There is speculation that following the Thanksgiving holiday and school break for students, the numbers Vermont is currently seeing will continue in an upward tread with a forecasted 153% increase in cases in the next six weeks Commissioner of Financial Regulation Mike Pieciak said on Tuesday.
At his bi-weekly press conference Tuesday, Gov. Phil Scott said “from Oct. 1 to the time of Friday’s announcement, 71% of outbreaks were linked to social events.”
Scott also said, “In the environment we are in, we’ve got to prioritize need over want.”
“The number of people in hospitals is growing across the country, because some care more about what they want to do over rather than what they need to do to help protect others – keep kids in school, keep people working…”
Grand Isle county has the second lowest number of COVID infections in the state. The parade committee would like that trend to continue by prioritizing need over want.
“Our hope was to bring some much-needed joy to the community for the holidays.” Jeff Parizo of the Parade Committee said.
“It was the hope of the committee that we could make this event happen in a safe and enjoyable way without increasing the risk of a COVID spread within our community. With guidance from the State, we cannot guarantee the guidelines set forth will be adhered to,” Parizo said.
Some ideas that we have discussed is to start planning now for a fantastic event next year – perhaps the same concept of a parked parade at Knight Point State Park with food vendors, music, activities, and more.
For this year, wouldn’t it be great to decorate a little brighter? Perhaps, still create a float and park it in front of your home or business.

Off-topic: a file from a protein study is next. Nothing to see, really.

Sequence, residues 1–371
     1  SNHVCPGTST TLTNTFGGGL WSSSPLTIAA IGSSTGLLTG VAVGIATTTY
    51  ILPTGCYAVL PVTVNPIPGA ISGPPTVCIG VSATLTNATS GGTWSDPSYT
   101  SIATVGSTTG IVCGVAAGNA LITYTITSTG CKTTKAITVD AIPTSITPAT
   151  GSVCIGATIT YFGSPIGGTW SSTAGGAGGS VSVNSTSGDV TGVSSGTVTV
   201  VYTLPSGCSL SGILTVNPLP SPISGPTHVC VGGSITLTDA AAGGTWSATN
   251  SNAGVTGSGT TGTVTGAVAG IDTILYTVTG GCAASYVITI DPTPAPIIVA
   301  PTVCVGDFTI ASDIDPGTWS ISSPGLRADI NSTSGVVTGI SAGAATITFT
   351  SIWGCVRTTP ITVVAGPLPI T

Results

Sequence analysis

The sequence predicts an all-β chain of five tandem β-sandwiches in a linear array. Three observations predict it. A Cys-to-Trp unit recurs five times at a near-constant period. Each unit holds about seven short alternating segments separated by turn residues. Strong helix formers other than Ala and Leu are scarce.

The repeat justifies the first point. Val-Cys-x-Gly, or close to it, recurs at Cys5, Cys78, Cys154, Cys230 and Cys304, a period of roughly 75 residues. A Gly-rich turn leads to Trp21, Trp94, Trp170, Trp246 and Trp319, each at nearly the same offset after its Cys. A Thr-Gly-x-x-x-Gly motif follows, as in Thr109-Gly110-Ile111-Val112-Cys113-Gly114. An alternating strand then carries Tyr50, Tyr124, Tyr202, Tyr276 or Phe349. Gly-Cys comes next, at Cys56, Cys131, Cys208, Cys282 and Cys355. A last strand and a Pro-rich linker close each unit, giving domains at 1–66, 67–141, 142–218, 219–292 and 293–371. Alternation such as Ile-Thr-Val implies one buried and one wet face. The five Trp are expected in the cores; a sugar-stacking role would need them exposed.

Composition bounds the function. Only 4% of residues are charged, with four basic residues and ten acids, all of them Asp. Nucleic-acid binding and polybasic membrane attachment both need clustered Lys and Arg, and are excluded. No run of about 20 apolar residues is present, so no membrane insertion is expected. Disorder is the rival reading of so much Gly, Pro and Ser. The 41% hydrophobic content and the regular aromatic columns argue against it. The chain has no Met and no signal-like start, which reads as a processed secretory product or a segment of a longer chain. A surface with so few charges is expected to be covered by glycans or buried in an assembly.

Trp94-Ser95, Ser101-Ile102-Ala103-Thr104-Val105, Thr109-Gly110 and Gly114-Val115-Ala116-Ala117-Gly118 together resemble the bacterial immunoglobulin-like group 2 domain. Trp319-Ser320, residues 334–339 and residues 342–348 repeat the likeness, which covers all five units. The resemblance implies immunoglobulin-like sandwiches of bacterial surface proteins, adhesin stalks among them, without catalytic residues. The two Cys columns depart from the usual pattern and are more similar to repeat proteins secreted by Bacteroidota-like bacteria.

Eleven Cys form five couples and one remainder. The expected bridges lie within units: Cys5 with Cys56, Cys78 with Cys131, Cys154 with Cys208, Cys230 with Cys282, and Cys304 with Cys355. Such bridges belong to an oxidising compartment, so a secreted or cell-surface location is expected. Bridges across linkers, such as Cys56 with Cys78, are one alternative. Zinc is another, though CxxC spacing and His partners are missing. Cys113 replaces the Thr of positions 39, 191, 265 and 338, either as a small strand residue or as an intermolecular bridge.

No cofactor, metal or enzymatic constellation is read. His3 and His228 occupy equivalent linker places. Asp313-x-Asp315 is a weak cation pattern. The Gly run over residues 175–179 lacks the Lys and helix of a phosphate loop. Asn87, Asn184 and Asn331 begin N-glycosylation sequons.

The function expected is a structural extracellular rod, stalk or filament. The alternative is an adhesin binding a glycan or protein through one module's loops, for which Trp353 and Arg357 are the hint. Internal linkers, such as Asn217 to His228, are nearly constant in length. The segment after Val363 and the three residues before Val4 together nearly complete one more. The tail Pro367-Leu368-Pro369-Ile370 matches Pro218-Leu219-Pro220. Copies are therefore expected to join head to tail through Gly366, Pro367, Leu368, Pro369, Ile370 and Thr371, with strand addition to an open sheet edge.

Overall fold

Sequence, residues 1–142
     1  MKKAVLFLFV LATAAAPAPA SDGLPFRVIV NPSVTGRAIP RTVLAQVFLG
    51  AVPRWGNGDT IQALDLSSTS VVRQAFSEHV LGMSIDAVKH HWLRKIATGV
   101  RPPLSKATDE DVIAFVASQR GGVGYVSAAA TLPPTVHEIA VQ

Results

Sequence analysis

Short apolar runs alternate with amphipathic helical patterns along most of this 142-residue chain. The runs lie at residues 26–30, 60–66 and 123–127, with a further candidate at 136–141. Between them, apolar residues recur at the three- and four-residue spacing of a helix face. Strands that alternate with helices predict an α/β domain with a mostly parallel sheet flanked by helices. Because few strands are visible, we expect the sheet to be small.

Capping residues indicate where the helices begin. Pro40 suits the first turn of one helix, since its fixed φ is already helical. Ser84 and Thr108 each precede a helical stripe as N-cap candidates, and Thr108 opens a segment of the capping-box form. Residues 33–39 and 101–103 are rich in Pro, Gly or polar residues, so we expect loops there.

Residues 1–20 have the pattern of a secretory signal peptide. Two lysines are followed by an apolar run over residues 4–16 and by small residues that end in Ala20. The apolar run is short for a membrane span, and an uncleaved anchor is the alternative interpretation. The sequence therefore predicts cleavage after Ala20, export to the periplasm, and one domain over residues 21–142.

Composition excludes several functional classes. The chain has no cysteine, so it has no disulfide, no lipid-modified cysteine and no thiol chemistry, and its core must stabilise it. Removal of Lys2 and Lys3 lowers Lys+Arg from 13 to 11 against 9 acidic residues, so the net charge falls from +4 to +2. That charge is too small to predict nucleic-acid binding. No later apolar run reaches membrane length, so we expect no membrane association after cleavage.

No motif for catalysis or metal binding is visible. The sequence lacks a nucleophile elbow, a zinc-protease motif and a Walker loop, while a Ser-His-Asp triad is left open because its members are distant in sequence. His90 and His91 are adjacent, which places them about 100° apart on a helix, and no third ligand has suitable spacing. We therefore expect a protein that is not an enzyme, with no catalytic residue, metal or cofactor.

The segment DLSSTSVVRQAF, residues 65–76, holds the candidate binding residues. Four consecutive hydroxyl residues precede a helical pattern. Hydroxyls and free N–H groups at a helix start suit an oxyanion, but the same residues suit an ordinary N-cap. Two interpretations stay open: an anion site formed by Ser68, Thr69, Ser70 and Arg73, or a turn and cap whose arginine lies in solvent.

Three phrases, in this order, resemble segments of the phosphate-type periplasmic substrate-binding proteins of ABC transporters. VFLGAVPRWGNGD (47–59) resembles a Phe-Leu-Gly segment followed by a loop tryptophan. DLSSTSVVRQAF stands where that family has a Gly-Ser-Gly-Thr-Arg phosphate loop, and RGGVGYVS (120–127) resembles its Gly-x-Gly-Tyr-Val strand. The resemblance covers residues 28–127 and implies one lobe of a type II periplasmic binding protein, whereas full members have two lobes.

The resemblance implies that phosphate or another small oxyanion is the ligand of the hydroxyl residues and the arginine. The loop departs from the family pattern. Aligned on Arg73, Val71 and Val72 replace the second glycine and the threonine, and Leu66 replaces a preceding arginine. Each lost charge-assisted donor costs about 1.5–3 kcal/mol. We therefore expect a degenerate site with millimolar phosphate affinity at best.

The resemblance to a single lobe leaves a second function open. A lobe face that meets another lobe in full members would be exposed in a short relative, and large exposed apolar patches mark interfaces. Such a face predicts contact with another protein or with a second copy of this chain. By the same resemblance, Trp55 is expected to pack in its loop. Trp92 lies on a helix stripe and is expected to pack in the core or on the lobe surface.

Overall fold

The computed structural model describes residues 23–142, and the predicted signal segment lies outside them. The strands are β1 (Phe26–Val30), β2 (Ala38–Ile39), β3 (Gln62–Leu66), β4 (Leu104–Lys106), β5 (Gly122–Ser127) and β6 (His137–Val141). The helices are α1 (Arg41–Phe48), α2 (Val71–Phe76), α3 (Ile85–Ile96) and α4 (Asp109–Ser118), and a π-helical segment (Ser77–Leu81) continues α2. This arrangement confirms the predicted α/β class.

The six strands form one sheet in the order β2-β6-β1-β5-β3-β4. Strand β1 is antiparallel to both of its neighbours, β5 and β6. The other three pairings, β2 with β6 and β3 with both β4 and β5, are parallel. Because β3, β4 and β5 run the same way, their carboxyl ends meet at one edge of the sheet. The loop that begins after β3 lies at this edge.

The Grand Isle Sheriff’s Department plans to have their boat glowing with lights in front of their office in Grand Isle soon after the Thanksgiving holiday.
If you are decorating your home or creating a float – send an email to firstname.lastname@example.org to be included in our Holiday Light Tour listing to be published beginning in the Dec. 2 issue of The Islander and feel free to email a photo of your decoration to the above email address to be share in the newspaper and online.
By MIKE DONOGHUE, Islander Staff Writer
Gov. Phil Scott announced on Friday a series of new temporary restrictions designed to curb the spread of the COVID-19 pandemic in Vermont in the wake of a major upturn in positive tests throughout the Green Mountain STate and the northeast.
“We’re moving in the wrong direction,” Scott said at his twice-weekly news conference.
Vermont set a daily record on Wednesday with 72 cases, but busted that mark the following day when 109 positive tests were announced. The report on Friday showed 84 more cases.
Grand Isle County trickled along in single digits for several months, is now at 33 cases as of Friday. The breakdown by towns shows North Hero reported 9 cases and Grand Isle with 8. Alburgh, South Hero and Isle La Motte all have at least 5 each, the state said.
“We’re in a new phase of this pandemic. The days of very low risk are over,” Scott said.
Under questioning from The Islander, the Governor said he did plan to extend his Executive Order giving him full control of the COVID-19 situation in Vermont. By late Friday afternoon Scott had signed an order extending his authority until Dec. 15.
Dr. Mark Levine, Vermont health commissioner, said the state continues to be hit by many COVID outbreaks.
Under questioning Levine tried to defend the state's action of not releasing any public information on a major outbreak at a large Rutland nursing facility until asked by the final reporter at the end of a two-hour news conference on Tuesday. Seven patient and one staff had tested positive and those numbers have since grown, officials said Friday.
Levine said he did not think it was an intentional coverup by the state nor was it due to COVID fatigue -- the numbing of disease-related issues.
Scott meanwhile said he was sorry that he was going to have to ask more from Vermonters.